Better late than never. I guess that’s what Kirsten Gillibrand wants us to think about her sudden pronouncement that it would have been “an appropriate response” for Bill Clinton to resign after the Monica Lewinsky scandal. She told the New York Times: “Things have changed today, and I think under those circumstances, there should be a very different reaction. And I think in light of this conversation, we should have a very different conversation about President Trump, and a very different conversation about allegations against him,” she said.
The only question is what’s an “appropriate response” to Gillibrand. This fair-weather feminist is getting a little hard to take.
Gillibrand got her political start in 1999 working on Hillary Clinton’s senatorial campaign. Only one year after her husband had publicly humiliated her and the nation—one year after she decided it would be better to stand by her man than have to make it on her own as a single mother, albeit one with a Yale law degree—Gillibrand decided Hillary Clinton was her role model.
And little wonder. If you want to get to the top and don’t mind sacrificing a few principles, you can’t do much better than following in the Clintons’ footsteps. Indeed, they have served her well, offering money and endorsements for the last two decades, only for her to decide it’s now time to throw them under the bus.
But what’s particularly galling about Gillibrand’s message is the idea that no one knew any better in 1998, that our standards for behavior have evolved since then and that we must reevaluate in light of new circumstances.
Speak for yourself, lady.
For Gillibrand and her friends, what matters is not people but politics and her own ambition.
I was an intern the summer that no one wanted to be known as an “intern.” In fact, one of my fellow interns at the Wall Street Journal actually asked our boss if we could come up with a different term to be used in our bylines. It was also the summer I learned that feminists like Gillibrand had no principles.
I was living that summer in the spare bedroom of an elderly aunt—Julia was a 75-year-old widow who had worked her way up to be an executive at an advertising agency where she was still employed. She regularly spoke of how people underestimated her because she was a woman. She was paid less and offered fewer opportunities. Her family thought she was strange because she didn’t get married until late in life and had no children of her own, because she put her career first.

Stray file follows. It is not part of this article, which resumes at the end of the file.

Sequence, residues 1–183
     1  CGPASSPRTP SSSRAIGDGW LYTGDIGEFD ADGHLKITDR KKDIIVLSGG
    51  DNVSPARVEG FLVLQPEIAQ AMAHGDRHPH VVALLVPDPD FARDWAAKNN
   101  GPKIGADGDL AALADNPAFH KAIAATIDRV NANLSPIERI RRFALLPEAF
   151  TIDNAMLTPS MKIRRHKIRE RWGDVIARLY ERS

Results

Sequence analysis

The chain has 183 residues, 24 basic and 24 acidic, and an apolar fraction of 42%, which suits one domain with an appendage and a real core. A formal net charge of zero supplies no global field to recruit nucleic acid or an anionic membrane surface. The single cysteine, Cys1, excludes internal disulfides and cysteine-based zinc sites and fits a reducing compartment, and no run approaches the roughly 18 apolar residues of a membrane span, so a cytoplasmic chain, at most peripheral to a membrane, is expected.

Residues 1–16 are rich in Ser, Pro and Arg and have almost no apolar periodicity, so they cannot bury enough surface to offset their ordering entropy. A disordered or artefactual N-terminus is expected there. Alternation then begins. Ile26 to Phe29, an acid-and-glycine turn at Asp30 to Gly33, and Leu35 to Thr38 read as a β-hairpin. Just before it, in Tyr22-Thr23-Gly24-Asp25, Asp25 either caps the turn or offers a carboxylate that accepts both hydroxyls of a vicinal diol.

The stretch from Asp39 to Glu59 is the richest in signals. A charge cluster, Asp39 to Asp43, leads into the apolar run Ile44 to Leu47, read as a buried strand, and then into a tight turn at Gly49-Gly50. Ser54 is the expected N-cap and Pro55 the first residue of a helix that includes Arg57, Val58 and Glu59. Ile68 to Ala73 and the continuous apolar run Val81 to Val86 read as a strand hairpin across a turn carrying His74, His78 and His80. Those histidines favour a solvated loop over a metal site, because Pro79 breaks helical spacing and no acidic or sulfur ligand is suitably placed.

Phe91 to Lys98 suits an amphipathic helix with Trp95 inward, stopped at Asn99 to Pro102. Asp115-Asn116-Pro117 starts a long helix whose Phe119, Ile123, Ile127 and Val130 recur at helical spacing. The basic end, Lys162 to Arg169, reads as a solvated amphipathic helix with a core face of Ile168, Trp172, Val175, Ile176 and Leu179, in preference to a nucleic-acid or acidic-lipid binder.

But her feminism was no match for her loyalty to the Democratic Party. I would come home many nights that summer to find her raging at the television news. But one moment stuck out in my mind. A picture of Monica Lewinsky flashed onto the screen. “You little bitch,” she screamed. “You ruined my president.”
If you wanted to know the prevailing attitude among feminists that summer—everyone from Gloria Steinem on down—it was this: “Blame the victim.” Monica Lewinsky was the problem. She was the one who threatened to take down the best thing in the Oval Office since JFK. The facts be damned.
It didn’t matter that she was barely out of college, that he was the president of the United States, that there was ample evidence he had taken advantage of other women, that he was married and had a daughter not that much younger than Lewinsky. Instead of saying “me too,” though, catty feminists were sharing their aesthetic opinions about the infamous blue dress. At a Halloween party that fall, I met more than one liberal woman dressed as Monica.
Gillibrand wants us to believe that no one realized—way back in the 1990s—how much of a problem this was. But this was not Mad Men, folks. The idea that young women were regularly being asked to perform oral sex on their bosses back then is far-fetched. Times were different but not that different.
Conservatives who said that Bill Clinton’s behavior crossed a line were mocked as prudes. We knew that there was something not just unseemly but pathological about him. But Kirsten Gillibrand did not care. She was happy to go work for the Clinton machine to advance her career.
For Gillibrand and her friends, what matters is not people but politics and her own ambition. Which is why she embraced the cause of Emma Sulkowicz, aka “Mattress Girl” who, all evidence suggests, made up a story of sexual assault at Columbia University and then made ruining a young man’s life into a cause celebre and a school project for credit. (Columbia settled a lawsuit by the man earlier this year.) Gillibrand invited Sulkowicz (who was trading flirty text messages with her alleged rapist in the hours before and after the supposed attack) to be her guest at President Obama’s State of the Union address in 2015 because it suited her ideological crusade.
Maybe next year she should invite Monica Lewinsky.